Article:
Our first book club read is here!
On the second page of the book we read the first part of Julian’s journal entry. He states the following:
“Everyone lies about their lives. What would happen if you shared the truth instead? The one thing that defines you, that makes everything else about you fall into place? Not on the internet, but with those real people around you?
This book states its “thesis” very early on, do you agree with that we all have one thing that defines us?
He goes on to write “maybe telling that story would change your life, or the life of someone you’ve not yet met” - Lets pretend that we do indeed have one thing that defines us, do you think sharing it would change your life in a meaningful way?
I find it ironic that I am indeed sharing so much of my life with you all on the internet. Do you think sharing on the internet is easier? Does that make it less authentic?
Lets get the discussion going in the comments below! I’ll check back with new questions as we go.
1) I don't think there is one thing that defines us, but I think there is could be a large part of ourselves we try to hide from others, that could be defining if made public.
2) I agree that being honest and public with your story could change your life or someone else's. I wish everyone had the courage to be totally honest and own their story. But while I think it could change your life or someone else's, I think often some things are hidden to protect other people. I'm not sure if that makes it right or if that's a reason to not own your story publicly. Just another angle to look that that. I do agree with what Kaleigh though. If it's a straightforward "I'm lonely" or "I carry this guilt" I think saying that out loud would for sure benefit you and others. And Brittany, I agree that if properly executed (I don't even know what that would look like, but let's just say someone figures it out) of course I think it would benefit lots of people. I love the idea of everyone owning their stories and having the courage to share. But definitely easier said than done.
3) Yes. I think sharing on the internet is easier. Simply because we get to pick and choose what we share. Even when people decide to not share just their "highlight reel" and maybe share a struggle, it's still carefully selected and worded.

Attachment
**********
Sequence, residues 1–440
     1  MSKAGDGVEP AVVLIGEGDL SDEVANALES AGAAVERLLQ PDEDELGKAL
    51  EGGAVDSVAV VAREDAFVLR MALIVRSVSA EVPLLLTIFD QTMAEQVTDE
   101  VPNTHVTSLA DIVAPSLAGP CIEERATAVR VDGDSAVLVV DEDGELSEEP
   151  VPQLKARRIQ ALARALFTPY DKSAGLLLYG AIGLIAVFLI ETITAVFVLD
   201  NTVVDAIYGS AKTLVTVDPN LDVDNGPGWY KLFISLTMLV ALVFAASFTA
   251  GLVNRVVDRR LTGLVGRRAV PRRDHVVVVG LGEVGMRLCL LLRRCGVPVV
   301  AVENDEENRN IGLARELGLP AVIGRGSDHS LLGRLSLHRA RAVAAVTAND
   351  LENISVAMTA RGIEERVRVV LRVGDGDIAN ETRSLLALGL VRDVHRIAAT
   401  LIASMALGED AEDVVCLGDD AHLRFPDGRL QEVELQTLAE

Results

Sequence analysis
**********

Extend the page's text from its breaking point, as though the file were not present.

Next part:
Hello! I’m very excited to be here!
1. I do not agree that we all have one thing that defines us. People are complicated and are defined by many different things. Even the characters in the book cannot be defined by a single thing. For example, Monica’s one thing is that she wants to get married and have a family however she can’t be defined by that alone. She is also driven by her desire to make her mom proud, to live a life of purpose (by quitting her corporate job and starting the cafe), by bringing joy to her customers and making her community a better place. All of these things make her who she really is and not what she sees herself as, a sad aging spinster.
2. If we did all have just one thing that defined us in our own eyes and affected how we live our lives then I do think sharing it could benefit ourselves. Julian for example shares that he is lonely and as a result finds himself no longer alone. If someone caused a car accident that resulted in someone else injured or worse they may let that accident define them, but if they shared that guilt with others they may find the help the need to move past it and forgive themselves.
3. I think we all know that the internet tends to be a highlight reel of all the awesome out of the ordinary parts of our lives, whether it be vacations, engagement/baby/wedding announcements, big purchases, whatever it may be. The average person isn’t posting about the day to day that makes up the majority of our lives. There are of course plenty of people sharing the real, raw moments of their lives in hopes of finding solidarity or providing motivation but I think by and large that is not the case. Also, I think many people are afraid of saying the wrong thing on the internet when the number of eyes reading it is much larger than the few people you might say it to in person. I think for these reasons often (but not always) what is shared online is less authentic than what would be shared in a conversation over dinner or drinks.